Saturday, 9 January 2016

Daddy, is it raining without water again?

(...) a thunderstorm will probably never be the same again for Ramsi Khalaf, who was two years old when I left Beirut in 1984. When shelling in his neighborhood used to get very heavy, Ramsi’s parents, Samir and Rosanne, used to calm his nerves by telling him that the flashes and booms rocking their apartment were only a thunderstorm. After a while, though, Ramsi began to realize that something was amiss. When the shelling became very intense one evening, he looked up at his father and asked, “Daddy, is it raining without water again?”

From Beirut to Jerusalem 
Thomas L. Friedman

Monday, 5 October 2015

Maybe he was born that way

No, but why is Croft that way?
Oh, there are answers. He is that way because of the corruption-of-the-society. He is that way because the devil has claimed him for one of his own. It is because he is a Texan; it is because he has renounced God.
He is that kind of man because the only woman he ever  loved cheated on him, or he was born that way, or he was having problems of adjustment.
The Naked and the Dead
Norman Mailer

Saturday, 29 August 2015

the disappointment of sleeping with one’s fantasy

Emotions, in my experience, aren’t covered by single words. I don’t believe in “sadness”, “joy”, or “regret”. Maybe the best proof that the language is patriarchal is that it oversimplifies feeling. I’d like to have at my disposal complicated hybrid emotions, Germanic train-car constructions like, say, “the happiness that attends disaster”. Or: “the disappointment of sleeping with one’s fantasy”. I’d like to show how “imitations of mortality brought on by aging family members” connects with “the hatred of mirrors that begins in middle age”. I’d like to have a word for “sadness inspired by failing restaurants” as well as for “the excitement of getting a room with a minibar”. I’ve never had the right words to describe my life, (…).
By Jeffrey Eugenides 

Sunday, 5 July 2015

just a question

- Hey,- she said to Richard - do you think it's possible you're homosexual?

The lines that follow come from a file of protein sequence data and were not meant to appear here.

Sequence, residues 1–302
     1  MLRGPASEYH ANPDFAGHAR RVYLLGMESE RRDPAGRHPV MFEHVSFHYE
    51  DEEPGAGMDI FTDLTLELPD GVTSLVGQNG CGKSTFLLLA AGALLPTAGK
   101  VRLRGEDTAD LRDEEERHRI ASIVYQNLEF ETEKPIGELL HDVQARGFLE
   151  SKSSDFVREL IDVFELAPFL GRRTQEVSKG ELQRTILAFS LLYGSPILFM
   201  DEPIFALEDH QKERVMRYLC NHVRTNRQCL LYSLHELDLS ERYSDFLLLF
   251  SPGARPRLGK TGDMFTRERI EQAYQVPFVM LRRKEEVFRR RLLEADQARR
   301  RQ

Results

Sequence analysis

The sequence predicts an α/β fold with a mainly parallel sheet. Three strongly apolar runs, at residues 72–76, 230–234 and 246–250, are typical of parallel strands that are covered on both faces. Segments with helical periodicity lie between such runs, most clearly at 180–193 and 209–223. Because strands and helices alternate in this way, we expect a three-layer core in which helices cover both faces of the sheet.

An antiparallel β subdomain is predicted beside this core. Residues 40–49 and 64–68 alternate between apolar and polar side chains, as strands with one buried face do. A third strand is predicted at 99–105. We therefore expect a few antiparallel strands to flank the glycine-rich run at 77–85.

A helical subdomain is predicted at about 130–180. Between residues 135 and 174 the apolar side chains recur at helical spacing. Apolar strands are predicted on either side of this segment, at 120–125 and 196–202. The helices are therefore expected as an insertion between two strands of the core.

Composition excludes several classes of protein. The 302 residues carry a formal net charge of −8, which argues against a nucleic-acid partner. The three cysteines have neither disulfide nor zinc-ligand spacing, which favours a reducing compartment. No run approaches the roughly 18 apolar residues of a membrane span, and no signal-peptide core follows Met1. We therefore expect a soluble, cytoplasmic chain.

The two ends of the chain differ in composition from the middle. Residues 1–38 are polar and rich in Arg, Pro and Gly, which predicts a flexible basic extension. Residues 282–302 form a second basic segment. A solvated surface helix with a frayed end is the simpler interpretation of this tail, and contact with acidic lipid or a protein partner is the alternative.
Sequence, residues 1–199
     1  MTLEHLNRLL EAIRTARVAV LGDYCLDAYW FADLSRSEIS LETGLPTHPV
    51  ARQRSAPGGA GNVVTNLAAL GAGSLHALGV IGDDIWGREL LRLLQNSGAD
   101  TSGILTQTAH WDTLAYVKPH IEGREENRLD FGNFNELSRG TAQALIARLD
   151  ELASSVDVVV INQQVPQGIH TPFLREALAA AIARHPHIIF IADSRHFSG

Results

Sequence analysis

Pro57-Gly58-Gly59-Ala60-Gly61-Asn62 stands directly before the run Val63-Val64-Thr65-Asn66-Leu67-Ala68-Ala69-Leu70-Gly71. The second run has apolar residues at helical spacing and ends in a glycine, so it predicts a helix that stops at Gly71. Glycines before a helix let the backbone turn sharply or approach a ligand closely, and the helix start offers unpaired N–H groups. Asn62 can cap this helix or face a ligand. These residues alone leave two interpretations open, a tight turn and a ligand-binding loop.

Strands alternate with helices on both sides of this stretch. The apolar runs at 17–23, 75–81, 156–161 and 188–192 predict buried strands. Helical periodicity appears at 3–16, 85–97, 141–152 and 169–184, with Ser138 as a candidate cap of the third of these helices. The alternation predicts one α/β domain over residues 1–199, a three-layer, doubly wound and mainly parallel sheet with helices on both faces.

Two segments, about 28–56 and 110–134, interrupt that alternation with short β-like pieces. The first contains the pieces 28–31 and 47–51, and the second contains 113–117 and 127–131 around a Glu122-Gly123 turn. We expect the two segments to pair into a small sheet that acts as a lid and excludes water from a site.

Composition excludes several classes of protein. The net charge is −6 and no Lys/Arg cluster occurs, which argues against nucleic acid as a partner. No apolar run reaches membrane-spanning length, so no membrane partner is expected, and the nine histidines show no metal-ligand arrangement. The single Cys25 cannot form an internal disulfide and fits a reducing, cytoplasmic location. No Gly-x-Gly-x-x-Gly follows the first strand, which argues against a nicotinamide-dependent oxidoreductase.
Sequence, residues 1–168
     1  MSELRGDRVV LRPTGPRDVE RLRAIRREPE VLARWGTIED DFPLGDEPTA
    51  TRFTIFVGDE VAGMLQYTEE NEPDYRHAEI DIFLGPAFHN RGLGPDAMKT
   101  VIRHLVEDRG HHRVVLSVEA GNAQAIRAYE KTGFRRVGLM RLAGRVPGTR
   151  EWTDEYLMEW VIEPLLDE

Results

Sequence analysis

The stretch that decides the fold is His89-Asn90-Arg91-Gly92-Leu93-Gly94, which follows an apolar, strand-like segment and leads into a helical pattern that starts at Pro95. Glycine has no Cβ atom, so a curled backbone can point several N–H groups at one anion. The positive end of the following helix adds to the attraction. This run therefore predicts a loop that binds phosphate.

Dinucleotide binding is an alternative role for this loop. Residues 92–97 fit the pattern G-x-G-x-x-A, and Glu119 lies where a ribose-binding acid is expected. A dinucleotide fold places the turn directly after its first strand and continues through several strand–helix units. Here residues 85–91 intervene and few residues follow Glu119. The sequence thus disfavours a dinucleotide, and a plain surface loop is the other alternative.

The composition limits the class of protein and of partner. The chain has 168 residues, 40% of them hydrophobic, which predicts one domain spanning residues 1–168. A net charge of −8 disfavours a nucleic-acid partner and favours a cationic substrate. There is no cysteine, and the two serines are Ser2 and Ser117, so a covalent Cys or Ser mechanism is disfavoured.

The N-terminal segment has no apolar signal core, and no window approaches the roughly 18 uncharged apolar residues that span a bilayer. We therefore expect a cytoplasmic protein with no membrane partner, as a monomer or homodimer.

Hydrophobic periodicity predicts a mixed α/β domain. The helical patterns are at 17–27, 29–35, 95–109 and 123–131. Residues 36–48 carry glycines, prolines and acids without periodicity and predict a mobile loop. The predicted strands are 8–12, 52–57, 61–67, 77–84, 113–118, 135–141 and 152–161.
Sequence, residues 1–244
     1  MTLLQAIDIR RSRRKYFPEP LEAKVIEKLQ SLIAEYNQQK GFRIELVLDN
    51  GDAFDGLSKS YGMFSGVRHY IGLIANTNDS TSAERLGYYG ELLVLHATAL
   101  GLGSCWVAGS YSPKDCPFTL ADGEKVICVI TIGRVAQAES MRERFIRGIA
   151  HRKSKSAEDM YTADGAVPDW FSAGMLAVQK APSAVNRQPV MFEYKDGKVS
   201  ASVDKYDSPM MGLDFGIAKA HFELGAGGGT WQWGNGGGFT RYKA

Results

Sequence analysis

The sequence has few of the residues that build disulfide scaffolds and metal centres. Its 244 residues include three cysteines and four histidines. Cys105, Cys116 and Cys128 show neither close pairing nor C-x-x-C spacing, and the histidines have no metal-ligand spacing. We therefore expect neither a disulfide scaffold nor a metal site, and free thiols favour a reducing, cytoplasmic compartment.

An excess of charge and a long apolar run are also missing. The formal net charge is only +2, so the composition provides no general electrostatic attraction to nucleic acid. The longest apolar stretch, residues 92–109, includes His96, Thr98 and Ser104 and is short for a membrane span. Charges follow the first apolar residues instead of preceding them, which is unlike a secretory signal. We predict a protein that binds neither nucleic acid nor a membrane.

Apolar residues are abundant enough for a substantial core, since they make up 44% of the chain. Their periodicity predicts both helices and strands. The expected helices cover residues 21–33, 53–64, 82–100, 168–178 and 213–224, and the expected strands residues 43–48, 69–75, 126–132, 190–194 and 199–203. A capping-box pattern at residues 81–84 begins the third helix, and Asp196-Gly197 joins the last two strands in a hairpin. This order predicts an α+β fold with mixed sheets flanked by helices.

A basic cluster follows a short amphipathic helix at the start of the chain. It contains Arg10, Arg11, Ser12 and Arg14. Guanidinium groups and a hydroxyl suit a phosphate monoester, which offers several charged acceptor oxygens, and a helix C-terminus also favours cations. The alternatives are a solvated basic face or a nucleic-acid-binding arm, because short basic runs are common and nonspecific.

- You ask that now?

- I don't know. It's just that sometimes guys who have to screw a million women are trying to prove something. Disprove something.

Jonathan Franzen

Saturday, 4 July 2015

The Quantum Theory & Love

Two relevant legs of the quantum theory are the "superposition of states" and "quantum knowing". The theory of superposition says that atoms are in many possible states simultaneously. They searching among the various alternative energy states (an effect Michael Conrad called "quantum scanning"), and they don't "choose" a state until they collide with matter or are observed.  The famous argument in support of this is provided by the double-slit experiment, in which a low-intensity beam of photons is projected onto a wall punctured with two vertical slits.  Behind the wall is a screen. Because the intensity is low and the photon stream is "dilute", each photon should pass through one slit or the other. Instead, the patterns on the screen suggest that each photon passes through both slits at once. The bizarre but oft-replicated experiment seems to suggest that a photon can be in two places simultaneously.
Quantum theory says the photon is not just in those two places, but in many others as well. Scientist decided the best way to talk about a photon's location would be to imagine a three-dimensional graph of all possible states. This is called the state space, and the "wave function" is a way of characterising all the possible states that the photon may be in. Amazingly, when a particle comes into contact with matter—the molecules on the screen in the famous two-slit experiment, for instance—the wave function "collapses" to a single point, and the photon is forced to choose a single state to be in. When we observe something, we don't see all its possible states—we see only one. We force it to be in only one state through the act of seeing or measuring it.